What is muscle memory? The human body, with its brain, is like a super-computer that stores information, from which it recalls to process and make decisions. That much is obvious. Of course, when you are taught something or experience an event you remember it, and though through time, sickness or injury the memory can fade. Nevertheless through repetition that memory becomes more deeply ingrained. So when you need to recall it becomes much less a conscious process and much more automatic.
This especially applies to movement. When you teach your body to do something over time the body and brain work together as a whole and become adept to the action. From this coordination, and spacial awareness are developed. With this applied learning your body effectively stores these prototype actions into “muscle memory”.
To commit a technique to muscle memory requires many hours of repetitions, either in a specific manner or by improvised actions. Two examples of committing to muscle memory are learning to ride a bike and swimming. Once you know how to do these you don’t forget even if you refrain from doing these for some time. Your stamina and fitness levels may fall, but you won’t forget how to do these entirely. It is the same in Wing Chun, once you have committed actions through Chi Sau to muscle memory these will remain with you for the rest of your life.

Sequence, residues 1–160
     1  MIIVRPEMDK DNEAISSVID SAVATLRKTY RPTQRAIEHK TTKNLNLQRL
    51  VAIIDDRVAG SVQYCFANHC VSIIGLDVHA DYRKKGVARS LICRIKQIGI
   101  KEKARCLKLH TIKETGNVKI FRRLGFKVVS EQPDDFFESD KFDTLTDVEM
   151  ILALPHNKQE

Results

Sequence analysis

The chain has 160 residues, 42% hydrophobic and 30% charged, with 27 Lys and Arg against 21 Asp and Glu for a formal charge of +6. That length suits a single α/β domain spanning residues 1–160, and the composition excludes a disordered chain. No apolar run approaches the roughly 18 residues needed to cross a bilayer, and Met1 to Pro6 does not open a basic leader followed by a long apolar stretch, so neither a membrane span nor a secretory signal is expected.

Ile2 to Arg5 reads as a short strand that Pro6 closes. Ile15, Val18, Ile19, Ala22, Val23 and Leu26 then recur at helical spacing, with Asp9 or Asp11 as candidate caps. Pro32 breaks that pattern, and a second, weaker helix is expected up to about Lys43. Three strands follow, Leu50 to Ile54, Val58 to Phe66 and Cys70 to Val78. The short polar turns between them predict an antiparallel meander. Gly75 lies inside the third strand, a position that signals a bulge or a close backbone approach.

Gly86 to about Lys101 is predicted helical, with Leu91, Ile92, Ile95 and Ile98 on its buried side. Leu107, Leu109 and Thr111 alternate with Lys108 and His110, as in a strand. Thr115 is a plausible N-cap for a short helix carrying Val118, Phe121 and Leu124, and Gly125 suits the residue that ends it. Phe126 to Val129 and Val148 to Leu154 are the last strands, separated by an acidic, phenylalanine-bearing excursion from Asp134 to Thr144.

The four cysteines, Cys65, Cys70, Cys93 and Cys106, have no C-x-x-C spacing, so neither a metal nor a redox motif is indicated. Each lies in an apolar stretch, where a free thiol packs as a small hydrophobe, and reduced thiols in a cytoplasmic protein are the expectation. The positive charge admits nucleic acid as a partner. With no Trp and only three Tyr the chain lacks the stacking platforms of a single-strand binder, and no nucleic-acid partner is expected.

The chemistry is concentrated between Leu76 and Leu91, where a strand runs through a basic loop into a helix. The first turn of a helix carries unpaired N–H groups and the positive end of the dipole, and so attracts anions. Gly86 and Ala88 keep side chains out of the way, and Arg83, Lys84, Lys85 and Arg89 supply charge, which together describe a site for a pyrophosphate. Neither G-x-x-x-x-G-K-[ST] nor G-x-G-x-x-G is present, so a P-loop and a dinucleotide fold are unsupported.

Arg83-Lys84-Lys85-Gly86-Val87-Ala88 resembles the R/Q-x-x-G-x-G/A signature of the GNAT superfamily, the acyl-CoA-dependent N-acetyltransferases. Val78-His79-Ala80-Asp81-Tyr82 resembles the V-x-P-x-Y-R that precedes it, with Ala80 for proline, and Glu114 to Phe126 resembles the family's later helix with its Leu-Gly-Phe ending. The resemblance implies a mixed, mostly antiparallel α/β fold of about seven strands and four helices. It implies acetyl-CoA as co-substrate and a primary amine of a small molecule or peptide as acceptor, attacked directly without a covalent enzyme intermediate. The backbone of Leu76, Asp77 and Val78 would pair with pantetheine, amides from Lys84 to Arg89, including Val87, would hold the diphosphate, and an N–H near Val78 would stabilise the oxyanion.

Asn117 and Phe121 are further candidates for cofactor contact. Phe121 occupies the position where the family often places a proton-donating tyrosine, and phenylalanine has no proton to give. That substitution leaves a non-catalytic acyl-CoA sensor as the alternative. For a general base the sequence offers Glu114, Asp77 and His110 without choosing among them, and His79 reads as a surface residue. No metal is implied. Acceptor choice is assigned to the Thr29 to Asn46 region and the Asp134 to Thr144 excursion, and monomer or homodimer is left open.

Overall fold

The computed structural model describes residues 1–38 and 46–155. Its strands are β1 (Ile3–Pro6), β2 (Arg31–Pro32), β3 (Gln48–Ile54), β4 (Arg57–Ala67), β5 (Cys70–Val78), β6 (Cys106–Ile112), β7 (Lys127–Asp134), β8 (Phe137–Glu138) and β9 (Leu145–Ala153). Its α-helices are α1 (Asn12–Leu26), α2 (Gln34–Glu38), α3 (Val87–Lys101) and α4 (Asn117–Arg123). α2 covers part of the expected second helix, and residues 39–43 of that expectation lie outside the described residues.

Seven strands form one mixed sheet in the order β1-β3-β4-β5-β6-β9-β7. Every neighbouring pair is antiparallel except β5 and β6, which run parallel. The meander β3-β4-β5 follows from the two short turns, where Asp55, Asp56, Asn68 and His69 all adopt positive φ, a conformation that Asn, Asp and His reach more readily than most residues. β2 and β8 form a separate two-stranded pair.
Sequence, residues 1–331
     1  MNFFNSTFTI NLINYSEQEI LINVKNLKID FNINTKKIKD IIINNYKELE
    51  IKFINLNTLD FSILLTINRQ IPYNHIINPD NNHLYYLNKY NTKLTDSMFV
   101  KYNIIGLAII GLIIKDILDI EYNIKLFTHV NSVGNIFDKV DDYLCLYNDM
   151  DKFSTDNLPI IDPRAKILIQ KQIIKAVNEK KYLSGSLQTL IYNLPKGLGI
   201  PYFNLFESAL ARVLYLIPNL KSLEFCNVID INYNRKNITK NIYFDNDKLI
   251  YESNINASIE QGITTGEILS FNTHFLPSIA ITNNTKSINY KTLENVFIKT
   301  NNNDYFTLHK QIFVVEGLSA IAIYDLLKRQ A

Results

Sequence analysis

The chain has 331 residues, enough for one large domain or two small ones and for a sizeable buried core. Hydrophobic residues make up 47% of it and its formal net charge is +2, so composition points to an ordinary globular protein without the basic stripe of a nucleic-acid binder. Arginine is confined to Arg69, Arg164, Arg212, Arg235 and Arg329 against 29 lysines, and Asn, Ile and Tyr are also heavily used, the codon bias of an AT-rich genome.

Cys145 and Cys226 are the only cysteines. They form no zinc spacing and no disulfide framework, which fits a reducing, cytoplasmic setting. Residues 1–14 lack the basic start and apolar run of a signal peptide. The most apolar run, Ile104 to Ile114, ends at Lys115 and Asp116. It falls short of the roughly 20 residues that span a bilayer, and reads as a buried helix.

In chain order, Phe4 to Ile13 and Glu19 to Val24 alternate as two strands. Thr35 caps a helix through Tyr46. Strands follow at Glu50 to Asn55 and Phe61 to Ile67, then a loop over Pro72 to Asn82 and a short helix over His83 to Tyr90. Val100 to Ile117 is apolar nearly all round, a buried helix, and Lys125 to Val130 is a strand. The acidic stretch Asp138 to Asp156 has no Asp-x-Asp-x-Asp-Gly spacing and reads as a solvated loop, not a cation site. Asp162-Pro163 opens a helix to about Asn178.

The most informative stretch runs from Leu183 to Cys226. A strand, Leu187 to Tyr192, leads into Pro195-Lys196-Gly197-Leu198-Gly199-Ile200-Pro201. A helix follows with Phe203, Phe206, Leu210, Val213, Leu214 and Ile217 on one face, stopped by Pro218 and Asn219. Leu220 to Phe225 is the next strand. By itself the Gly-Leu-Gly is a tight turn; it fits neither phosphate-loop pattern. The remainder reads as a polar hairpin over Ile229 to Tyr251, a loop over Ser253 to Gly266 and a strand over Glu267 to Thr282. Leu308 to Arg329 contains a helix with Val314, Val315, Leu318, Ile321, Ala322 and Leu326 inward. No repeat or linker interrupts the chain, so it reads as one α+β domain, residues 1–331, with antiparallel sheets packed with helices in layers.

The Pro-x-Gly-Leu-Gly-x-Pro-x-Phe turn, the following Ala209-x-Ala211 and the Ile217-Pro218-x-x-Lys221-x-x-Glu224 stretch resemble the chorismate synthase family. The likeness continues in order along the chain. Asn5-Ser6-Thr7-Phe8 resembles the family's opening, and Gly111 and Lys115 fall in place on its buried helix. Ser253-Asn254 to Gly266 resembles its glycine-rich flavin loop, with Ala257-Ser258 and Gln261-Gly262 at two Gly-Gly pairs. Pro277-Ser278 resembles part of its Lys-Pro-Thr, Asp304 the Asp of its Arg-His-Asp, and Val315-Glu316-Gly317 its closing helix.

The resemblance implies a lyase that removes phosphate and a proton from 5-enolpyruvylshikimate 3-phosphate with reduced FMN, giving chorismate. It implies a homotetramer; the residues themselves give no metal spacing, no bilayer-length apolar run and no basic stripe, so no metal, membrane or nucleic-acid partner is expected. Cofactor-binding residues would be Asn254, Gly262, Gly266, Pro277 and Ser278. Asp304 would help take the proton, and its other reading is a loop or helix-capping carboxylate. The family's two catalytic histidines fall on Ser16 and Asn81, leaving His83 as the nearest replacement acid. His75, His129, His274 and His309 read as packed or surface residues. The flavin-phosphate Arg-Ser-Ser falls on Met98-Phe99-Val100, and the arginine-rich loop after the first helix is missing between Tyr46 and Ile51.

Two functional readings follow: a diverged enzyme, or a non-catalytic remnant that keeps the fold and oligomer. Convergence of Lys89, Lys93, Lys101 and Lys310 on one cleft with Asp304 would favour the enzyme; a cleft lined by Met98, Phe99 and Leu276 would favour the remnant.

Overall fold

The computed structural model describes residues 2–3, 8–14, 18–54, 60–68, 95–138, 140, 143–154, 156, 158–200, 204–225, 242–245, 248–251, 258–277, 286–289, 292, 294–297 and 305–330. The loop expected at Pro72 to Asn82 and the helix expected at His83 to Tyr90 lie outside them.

With time it becomes easier to store techniques into muscle memory, the body becomes more skillful at learning new moves faster and with greater skill and coordination. Physiologically and neurologically you body will change to suit how it is being used. However the rate at which this happens varies so don’t feel bad if it is not all smooth sailing, that in itself will help you body learn, you just have to keep trying.
Wing Chun demands a high degree of repetition of techniques not only in a fixed method but also more spontaneous and improvised. After all, what is shown one way can be used in many other ways. In Wing Chun, this concept enhances a student’s ability to commit actions to muscle memory and adapt to use these in many different ways and combinations. Muscle memory forms the basis for “auto-pilot” responses, which is a characteristic of Wing Chun advancement.